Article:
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That Times survey was made in 1975. Football turned a deaf ear. Since then, the few rules changes that have been made, though for the good in some cases, have not been applied throughout the sport and have made no appreciable impact on its perils. The game has not been turned around. No Teddy Roosevelts have risen up to protest the slaughter.
Some lawyers have, however. Lawyers are doing something about football injuries. They are filing suits.
The legal profession has found that suing football may result in highly lucrative judgments in several areas, but as of now suits involving the use—or misuse—of the modern hard-shell football helmet, a device Dr. Cooper calls "the damndest, meanest tool on the face of the earth," are the most profitable. There is no better way to epitomize the myriad threats to football than to examine the helmet. It is:
?A focal point of coaches' intransigence in teaching dangerous techniques.
?The piece of equipment with which players are most likely to cause the most serious injuries—head and neck injuries are responsible for 80% of the game's fatalities.
?The wedge that has opened the sport to the current boom in negligence suits. "We used to have ambulance chasers before no-fault [auto insurance]," says Dr. Cooper. "Now we've got jock chasers. If coaches don't wake up, the lawyers will eat 'em alive."
Cooper is a onetime 5'1", 105-pound water boy who professes a 35-year love for football that is not diminished by his outspoken desire to straighten it out. As medical consultant to the NCAA Rules Committee for six years (1969-75), he was credited with leading the charge that got college coaches to adopt three important safety measures: prohibiting the "crackback" block (the legal clip at the line of scrimmage), making mouthpieces mandatory and outlawing below-the-waist blocking on kicks. (The NFL did not get around to legislating against the crackback until two years after the colleges and has not yet taken action on either of the other proposals. As we shall see, safety is not first in the NFL.)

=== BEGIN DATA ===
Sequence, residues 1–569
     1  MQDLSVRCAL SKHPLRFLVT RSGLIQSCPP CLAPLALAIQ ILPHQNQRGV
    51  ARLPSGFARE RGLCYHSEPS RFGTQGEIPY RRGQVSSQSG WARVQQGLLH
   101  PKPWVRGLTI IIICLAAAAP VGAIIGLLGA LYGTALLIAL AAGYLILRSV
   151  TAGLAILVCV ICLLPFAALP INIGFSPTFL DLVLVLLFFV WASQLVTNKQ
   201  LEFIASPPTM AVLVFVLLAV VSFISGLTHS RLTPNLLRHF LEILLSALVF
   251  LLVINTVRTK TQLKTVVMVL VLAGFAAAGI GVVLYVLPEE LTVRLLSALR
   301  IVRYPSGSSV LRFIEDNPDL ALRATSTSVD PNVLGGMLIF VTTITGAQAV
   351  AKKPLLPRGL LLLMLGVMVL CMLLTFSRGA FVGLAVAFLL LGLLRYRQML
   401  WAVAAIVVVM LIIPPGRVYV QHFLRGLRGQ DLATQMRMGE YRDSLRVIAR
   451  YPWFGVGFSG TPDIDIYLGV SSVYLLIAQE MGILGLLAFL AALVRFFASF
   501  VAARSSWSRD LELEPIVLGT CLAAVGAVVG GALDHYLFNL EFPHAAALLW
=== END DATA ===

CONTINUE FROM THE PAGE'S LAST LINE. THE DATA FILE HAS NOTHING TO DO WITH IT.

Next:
On the day in 1976 that Cooper railed against the misuse of helmets in a story appearing in the Topeka State Journal, another article in the same paper told of a lawsuit brought by Mrs. Ruth Hayes of San Diego against Riddell, Inc. of Chicago for "unspecified damages equal to one-fourth the total assets of Riddell." Riddell is the nation's largest helmet manufacturer. Mrs. Hayes' 17-year-old son Kip had been paralyzed from the neck down playing football. Mrs. Hayes' lawyer blamed the helmet for Kip's incapacitation.
Six months later, in May of 1977, and a year and a half after his lawyers won a record Dade County ( Fla.) judgment of $5.3 million against Riddell, 21-year-old Greg Stead settled out of court for a reported $3 million. The Miami Herald reported Stead's lawyers got $1 million of that.
Stead was in a wheelchair, a quadriplegic since the night in 1971 when the face guard of his helmet struck the knee of an opposing high school ballcarrier and sent the back edge of his helmet crashing down on his upper spine. Stead's lawyers charged Riddell with producing a "negligently designed" helmet.